San Jose’s police department says it will begin field testing cameras on about a dozen officers in September with full implementation a year later. They also said they won’t roll out drone technology until 2017.
Some Bay Area liquor stores will have to either install or beef up their video surveillance systems for a new effort to fight crime in Berkeley’s most troublesome areas.
The Menlo Park Fire Protection District has used money from Facebook to order thermal cameras used for finding people trapped inside of burning buildings.
There’s nothing like a red light camera ticket that makes drivers angry.
The City of Richmond’s police department rolled out new body cameras worn by police officers this week. Most will be equipped by Friday.
From President Barack Obama, to families of police shooting victims, the call is getting louder for officers to use body cameras. Police in Mountain View have become the latest in the Bay Area to use the technology.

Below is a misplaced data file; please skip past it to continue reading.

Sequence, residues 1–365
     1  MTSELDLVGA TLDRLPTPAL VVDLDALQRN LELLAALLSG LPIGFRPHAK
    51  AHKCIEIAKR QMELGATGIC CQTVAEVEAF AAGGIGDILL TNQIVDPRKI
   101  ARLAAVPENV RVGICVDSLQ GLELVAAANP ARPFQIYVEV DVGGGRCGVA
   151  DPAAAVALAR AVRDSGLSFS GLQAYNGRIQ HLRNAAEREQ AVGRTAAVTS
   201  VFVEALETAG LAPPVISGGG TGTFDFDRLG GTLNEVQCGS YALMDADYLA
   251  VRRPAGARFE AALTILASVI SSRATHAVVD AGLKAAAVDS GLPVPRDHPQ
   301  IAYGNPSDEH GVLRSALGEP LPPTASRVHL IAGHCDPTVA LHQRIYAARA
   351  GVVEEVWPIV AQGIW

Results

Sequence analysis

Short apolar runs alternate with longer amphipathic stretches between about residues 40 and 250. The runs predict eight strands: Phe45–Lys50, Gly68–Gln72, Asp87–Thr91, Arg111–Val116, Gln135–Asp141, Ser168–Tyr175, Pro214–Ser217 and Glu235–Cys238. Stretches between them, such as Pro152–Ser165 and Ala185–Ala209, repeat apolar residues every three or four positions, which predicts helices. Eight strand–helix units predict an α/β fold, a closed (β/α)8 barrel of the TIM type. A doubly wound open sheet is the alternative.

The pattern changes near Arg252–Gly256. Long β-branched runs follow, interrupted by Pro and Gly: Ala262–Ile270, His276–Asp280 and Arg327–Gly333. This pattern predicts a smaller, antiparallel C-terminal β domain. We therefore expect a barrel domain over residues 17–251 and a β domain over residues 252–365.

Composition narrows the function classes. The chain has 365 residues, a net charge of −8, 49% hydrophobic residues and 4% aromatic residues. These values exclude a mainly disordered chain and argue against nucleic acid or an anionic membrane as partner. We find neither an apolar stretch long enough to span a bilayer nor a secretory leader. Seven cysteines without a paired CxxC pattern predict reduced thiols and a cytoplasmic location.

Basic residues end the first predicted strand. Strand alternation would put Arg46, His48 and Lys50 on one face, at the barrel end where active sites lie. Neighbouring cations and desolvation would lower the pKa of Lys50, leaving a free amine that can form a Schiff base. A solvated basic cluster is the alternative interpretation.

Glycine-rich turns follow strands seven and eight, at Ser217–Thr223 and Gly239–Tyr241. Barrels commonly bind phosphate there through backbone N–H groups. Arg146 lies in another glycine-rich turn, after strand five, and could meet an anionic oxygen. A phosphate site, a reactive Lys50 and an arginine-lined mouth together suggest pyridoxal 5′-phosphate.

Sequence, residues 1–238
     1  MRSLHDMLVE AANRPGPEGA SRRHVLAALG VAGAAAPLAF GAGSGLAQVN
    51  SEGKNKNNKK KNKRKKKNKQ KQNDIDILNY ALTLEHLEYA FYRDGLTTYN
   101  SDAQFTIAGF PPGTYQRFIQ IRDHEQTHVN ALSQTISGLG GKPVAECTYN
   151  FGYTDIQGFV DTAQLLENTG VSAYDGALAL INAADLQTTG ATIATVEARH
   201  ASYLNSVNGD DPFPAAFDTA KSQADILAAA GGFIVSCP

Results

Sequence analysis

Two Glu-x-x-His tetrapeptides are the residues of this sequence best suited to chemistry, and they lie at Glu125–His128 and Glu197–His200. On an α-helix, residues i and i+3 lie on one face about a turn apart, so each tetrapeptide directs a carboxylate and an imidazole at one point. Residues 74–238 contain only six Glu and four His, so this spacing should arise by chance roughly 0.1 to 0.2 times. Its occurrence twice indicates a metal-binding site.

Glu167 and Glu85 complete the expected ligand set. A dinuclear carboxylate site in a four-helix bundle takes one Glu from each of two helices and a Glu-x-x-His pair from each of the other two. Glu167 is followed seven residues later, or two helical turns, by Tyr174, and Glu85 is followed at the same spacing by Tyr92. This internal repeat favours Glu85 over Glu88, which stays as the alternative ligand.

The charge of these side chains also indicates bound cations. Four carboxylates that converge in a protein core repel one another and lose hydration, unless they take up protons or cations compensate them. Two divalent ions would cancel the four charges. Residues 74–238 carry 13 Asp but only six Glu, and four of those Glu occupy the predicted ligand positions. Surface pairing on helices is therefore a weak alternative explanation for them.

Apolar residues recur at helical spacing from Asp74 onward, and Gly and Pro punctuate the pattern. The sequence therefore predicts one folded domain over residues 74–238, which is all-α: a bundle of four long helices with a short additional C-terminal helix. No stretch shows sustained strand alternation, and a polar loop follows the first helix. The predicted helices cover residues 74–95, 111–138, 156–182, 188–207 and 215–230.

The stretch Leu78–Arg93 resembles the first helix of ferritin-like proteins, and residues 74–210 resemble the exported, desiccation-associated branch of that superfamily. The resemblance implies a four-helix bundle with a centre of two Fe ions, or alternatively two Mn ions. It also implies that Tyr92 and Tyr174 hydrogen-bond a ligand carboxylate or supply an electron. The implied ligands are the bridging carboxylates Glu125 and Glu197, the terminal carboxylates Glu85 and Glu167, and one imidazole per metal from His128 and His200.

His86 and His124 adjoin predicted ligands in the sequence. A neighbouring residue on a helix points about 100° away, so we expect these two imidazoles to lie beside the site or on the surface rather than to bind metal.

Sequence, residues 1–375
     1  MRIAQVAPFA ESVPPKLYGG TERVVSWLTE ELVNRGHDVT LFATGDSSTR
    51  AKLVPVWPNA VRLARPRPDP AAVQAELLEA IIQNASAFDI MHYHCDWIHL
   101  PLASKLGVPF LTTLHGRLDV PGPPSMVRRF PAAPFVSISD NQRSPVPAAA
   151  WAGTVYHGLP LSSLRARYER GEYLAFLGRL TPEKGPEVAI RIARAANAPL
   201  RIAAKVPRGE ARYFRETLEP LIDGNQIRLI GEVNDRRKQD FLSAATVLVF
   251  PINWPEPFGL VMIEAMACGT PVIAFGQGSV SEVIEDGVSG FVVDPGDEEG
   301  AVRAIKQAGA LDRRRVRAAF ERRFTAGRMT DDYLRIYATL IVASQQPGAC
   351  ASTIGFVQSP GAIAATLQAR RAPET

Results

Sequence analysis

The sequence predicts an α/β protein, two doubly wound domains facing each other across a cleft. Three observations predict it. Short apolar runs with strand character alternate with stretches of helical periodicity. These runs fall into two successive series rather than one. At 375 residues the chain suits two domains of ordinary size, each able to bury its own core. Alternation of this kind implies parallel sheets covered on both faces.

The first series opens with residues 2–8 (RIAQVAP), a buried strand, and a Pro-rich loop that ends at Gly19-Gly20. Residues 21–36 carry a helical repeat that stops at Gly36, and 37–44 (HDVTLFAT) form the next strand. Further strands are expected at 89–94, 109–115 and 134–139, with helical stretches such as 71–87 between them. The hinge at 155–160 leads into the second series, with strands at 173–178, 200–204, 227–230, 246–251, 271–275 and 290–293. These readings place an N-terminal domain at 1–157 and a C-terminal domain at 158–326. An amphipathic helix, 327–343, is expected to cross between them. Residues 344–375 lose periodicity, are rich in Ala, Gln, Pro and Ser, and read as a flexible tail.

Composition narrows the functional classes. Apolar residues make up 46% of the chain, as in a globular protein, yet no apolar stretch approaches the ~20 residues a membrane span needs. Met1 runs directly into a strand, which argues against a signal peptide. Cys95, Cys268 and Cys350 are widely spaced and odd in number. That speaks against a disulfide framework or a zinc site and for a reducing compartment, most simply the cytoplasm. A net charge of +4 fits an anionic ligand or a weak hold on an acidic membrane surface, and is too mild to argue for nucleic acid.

Twelve officers of the San Jose Police Department have volunteered to wear body cameras as part of a planned pilot program with three different models of cameras, including one that can be affixed to glasses, a spokeswoman said Wednesday.
The drones are expected to hit the market late next year.
Tiburon’s police chief said he believes cities and counties should include the public in any decision to place surveillance cameras on roadways or in public spaces.
You don’t have to read too far into the dystopian works of George Orwell’s 1984 or Aldous Huxley’s Brave New World before drawing up some similarities between fiction and real-world governments.